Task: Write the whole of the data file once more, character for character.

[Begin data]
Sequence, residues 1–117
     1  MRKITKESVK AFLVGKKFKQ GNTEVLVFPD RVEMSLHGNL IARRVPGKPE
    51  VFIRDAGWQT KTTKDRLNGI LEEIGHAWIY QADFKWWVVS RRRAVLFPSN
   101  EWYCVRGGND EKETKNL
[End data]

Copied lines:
Sequence, residues 1–117
     1  MRKITKESVK AFLVGKKFKQ GNTEVLVFPD RVEMSLHGNL IARRVPGKPE
    51  VFIRDAGWQT KTTKDRLNGI LEEIGHAWIY QADFKWWVVS RRRAVLFPSN
   101  EWYCVRGGND EKETKNL